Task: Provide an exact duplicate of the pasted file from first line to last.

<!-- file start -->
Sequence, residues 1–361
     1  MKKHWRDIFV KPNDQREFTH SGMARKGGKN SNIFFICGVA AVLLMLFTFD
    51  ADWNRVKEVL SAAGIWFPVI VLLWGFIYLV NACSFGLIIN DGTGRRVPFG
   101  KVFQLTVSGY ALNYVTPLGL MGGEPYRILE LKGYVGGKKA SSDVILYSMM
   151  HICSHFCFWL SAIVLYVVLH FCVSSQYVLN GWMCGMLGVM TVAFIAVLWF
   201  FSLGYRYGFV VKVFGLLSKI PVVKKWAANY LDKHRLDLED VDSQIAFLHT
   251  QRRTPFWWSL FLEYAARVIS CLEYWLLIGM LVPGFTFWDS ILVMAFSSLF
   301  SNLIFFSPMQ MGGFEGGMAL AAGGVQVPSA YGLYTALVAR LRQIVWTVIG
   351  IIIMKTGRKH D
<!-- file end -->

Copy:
Sequence, residues 1–361
     1  MKKHWRDIFV KPNDQREFTH SGMARKGGKN SNIFFICGVA AVLLMLFTFD
    51  ADWNRVKEVL SAAGIWFPVI VLLWGFIYLV NACSFGLIIN DGTGRRVPFG
   101  KVFQLTVSGY ALNYVTPLGL MGGEPYRILE LKGYVGGKKA SSDVILYSMM
   151  HICSHFCFWL SAIVLYVVLH FCVSSQYVLN GWMCGMLGVM TVAFIAVLWF
   201  FSLGYRYGFV VKVFGLLSKI PVVKKWAANY LDKHRLDLED VDSQIAFLHT
   251  QRRTPFWWSL FLEYAARVIS CLEYWLLIGM LVPGFTFWDS ILVMAFSSLF
   301  SNLIFFSPMQ MGGFEGGMAL AAGGVQVPSA YGLYTALVAR LRQIVWTVIG
   351  IIIMKTGRKH D